Later that day, his mother booked him another flight. This time, police, security, and 15 other lawmen were waiting, and the airport operations supervisor for United decided "he would not be allowed to fly." When Godfrey’s father called, a spokesperson said the young man "was banned from flying United" because he cracked "a joke about bombs."

"Stories like Godfrey’s are likely to become increasingly common," remarked an airport spokesperson. Apparently, law enforcement and airlines don’t believe free expression and freedom to read count during a period defined as wartime.
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Uzbek Dictator Gets a US Pass
TASHKENT — The US-led military operation called "Enduring Freedom" was launched mainly on the shoulders of two dictators, Pakistan’s General Pervez Musharraf and Uzbekistan’s President Islam Karimov. Pakistan has already been rewarded; economic sanctions imposed for its nuclear program have been lifted, some of its $3.6 billion in US debt has been written off, and the International Monetary Fund (IMF) has agreed to new loans.

Now it’s Uzbekistan’s turn, especially after the Central Asian republic let the US use its airspace and military infrastructure. In return, Washington has apparently promised to defend its new host in any attack by Afghanistan, a remote prospect. The twist is that, according to the Washington Post, Uzbekistan and the US have been conducting covert anti-Taliban operations since mid-2000, and there has been significant security and military cooperation between them for "two to three years."

Not surprisingly, details of the deal remain secret. But one of two options are likely: The US will pressure the IMF to resume loans while helping to reform the financial sector, or possibly lean on the World Bank to grant soft loans, coupled with deferred interest payments or outright waiver of outstanding foreign loans.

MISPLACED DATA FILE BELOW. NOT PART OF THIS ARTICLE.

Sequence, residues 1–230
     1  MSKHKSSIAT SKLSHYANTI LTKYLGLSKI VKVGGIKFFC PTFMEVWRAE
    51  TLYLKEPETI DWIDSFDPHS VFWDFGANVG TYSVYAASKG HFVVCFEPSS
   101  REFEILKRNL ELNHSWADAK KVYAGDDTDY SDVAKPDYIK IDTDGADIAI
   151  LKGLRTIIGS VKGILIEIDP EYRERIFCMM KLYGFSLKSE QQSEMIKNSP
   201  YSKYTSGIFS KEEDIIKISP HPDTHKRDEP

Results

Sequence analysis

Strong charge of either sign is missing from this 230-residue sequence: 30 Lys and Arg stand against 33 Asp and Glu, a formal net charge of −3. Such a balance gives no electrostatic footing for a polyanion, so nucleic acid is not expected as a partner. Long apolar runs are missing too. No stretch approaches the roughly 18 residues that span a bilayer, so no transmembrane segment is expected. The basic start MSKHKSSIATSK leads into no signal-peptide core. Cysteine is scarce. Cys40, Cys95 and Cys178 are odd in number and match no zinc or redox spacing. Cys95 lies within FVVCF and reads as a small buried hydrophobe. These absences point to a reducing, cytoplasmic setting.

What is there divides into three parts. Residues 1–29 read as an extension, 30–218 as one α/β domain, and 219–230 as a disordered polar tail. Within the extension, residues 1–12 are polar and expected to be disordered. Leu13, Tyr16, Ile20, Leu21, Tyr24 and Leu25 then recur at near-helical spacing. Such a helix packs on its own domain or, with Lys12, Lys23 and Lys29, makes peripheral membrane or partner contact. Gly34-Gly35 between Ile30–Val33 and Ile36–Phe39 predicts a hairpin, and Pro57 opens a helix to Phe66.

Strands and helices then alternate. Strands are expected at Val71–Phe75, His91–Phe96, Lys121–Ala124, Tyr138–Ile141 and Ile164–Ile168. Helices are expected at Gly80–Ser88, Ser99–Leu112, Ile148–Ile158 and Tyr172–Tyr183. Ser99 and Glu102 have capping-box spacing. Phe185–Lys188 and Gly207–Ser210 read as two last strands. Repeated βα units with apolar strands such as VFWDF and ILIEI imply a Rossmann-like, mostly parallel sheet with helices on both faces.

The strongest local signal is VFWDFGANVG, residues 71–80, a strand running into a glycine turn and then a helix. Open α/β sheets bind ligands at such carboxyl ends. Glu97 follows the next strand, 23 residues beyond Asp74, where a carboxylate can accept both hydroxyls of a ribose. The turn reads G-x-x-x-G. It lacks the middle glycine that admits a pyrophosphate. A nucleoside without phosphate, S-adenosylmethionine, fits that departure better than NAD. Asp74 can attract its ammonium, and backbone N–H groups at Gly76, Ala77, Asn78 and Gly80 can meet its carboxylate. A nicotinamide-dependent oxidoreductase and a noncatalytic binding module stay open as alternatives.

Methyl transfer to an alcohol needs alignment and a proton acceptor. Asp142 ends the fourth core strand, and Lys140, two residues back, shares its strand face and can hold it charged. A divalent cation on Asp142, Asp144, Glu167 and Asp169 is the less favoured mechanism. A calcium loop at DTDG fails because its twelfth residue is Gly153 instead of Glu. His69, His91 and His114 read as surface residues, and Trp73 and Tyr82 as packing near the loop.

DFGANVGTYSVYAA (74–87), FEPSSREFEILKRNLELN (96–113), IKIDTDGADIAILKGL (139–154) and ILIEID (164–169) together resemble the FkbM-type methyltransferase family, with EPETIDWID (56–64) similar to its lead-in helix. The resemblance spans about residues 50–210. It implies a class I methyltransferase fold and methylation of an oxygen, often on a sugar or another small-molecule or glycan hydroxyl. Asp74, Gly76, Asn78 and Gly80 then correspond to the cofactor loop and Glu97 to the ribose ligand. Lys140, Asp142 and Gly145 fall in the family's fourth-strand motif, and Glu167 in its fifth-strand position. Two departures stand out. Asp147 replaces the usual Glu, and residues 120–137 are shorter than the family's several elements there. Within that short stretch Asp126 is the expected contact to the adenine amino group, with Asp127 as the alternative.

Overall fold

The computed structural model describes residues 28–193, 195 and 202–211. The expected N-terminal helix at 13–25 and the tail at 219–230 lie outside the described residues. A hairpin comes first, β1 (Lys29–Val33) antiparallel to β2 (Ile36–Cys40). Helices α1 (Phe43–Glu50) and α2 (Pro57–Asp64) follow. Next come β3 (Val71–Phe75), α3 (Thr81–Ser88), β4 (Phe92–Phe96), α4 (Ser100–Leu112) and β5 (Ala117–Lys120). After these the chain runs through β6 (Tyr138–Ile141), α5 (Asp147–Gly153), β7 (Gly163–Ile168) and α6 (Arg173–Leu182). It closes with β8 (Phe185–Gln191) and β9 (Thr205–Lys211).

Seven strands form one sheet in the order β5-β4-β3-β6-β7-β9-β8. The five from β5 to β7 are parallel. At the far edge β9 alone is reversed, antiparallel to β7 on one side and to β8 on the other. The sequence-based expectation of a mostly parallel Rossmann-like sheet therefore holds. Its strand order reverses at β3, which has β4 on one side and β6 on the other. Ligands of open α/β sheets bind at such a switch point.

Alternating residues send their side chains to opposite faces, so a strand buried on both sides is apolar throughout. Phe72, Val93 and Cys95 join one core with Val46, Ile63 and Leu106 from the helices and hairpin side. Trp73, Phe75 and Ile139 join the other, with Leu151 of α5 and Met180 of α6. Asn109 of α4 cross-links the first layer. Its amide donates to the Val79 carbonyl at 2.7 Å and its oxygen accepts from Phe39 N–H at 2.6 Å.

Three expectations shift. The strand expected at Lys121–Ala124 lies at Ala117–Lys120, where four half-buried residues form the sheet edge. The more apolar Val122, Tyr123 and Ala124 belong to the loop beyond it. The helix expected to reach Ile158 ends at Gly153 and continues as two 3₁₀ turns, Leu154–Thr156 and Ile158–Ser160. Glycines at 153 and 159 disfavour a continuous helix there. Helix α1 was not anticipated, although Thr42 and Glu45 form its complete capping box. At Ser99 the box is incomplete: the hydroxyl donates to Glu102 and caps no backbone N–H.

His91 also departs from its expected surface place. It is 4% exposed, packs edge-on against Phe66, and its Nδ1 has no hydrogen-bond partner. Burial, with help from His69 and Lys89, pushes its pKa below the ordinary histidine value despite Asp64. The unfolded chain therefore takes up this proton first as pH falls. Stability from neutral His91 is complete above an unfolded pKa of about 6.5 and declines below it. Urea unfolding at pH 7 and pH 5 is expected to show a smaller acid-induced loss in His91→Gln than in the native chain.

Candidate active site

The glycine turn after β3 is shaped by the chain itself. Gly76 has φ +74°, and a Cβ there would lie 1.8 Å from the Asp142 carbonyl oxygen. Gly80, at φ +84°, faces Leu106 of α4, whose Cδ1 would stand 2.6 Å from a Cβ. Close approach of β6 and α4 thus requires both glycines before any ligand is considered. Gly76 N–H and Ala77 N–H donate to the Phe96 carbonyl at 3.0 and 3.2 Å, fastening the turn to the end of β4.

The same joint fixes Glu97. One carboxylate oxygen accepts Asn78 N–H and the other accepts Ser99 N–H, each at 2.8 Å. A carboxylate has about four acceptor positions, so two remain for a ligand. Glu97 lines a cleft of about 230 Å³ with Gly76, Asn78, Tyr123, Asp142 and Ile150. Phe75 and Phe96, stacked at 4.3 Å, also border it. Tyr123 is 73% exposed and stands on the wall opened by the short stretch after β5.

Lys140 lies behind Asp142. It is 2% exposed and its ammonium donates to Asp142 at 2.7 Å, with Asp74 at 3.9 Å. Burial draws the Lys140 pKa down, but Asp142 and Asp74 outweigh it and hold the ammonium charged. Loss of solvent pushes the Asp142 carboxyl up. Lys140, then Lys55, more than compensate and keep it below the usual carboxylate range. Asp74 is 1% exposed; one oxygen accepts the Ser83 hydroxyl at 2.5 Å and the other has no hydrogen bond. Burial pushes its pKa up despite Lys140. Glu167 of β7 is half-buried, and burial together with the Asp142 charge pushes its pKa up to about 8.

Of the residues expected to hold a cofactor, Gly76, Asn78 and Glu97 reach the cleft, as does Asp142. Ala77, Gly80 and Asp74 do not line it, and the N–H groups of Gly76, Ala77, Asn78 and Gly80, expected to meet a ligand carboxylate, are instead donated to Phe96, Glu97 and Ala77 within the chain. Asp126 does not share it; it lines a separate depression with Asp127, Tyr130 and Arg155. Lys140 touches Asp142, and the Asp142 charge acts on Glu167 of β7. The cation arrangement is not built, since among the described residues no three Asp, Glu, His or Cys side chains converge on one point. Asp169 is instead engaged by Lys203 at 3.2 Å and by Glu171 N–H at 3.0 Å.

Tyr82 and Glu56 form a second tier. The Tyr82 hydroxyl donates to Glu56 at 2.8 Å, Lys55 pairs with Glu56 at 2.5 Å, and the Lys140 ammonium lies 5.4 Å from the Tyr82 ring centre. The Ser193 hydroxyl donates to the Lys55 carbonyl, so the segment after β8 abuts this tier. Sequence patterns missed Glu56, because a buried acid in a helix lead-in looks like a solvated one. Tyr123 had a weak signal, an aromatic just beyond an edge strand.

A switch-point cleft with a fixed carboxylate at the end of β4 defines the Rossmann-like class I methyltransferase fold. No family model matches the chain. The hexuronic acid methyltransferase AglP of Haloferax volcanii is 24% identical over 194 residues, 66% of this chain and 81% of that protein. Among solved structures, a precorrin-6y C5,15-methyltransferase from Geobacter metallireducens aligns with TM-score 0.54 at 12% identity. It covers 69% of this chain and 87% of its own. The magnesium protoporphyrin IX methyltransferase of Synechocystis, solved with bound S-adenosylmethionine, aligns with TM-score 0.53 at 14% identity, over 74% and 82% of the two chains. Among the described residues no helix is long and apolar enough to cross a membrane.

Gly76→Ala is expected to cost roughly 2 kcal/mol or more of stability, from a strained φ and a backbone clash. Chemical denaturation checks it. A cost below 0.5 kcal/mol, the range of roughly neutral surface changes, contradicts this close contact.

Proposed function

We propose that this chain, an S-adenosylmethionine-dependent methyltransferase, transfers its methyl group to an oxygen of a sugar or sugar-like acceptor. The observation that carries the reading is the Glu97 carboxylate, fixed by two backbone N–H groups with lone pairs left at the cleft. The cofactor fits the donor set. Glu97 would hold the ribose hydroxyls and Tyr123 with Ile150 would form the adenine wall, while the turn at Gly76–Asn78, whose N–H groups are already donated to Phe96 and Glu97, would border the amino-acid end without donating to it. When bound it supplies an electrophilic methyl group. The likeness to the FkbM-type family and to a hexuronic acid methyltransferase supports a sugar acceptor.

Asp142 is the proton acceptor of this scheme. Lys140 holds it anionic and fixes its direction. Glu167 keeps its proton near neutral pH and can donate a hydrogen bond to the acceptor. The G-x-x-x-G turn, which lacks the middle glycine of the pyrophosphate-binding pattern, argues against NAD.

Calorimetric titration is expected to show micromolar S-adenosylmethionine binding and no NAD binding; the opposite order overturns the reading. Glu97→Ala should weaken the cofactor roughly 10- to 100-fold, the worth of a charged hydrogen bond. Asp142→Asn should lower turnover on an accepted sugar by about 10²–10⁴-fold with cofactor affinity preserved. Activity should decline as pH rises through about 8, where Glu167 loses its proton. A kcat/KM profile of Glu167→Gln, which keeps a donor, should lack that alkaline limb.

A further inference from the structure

The Uzbek government has barely changed from the Soviet times, and the Communist chief is still in power. The republic, accounting for half the 52 million inhabitants of five Muslim-majority Central Asian states, remains under one-party rule.

Its human rights record is abominable. In the name of suppressing Islamic militancy, authorities arrest men for wearing beards and women for wearing veils. People also are jailed for circulating religious leaflets, attending unregistered mosques, or listening to the sermons of unregistered preachers. Legitimate opposition, secular and Islamic, has been driven underground.
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Getting Ready For Low Power
WASHINGTON — To date, the Federal Communications Commission (FCC) has issued about 120 permits for low power radio stations in the US. At least six are on the air, and 55 requests have been dismissed. But many applicants are still waiting for word. The FCC reportedly wants to focus first on applicants who have no competition.

You might think most objections would come from the National Association of Broadcasters (NAB) or National Public Radio (NPR). Actually, the main critics have been the Microradio Implementation Project, National Lawyers Guild, Christian Community Broadcasters, and Prometheus Radio. Their concern is that national churches have put in dozens of applications through affiliates, hoping to build low power empires.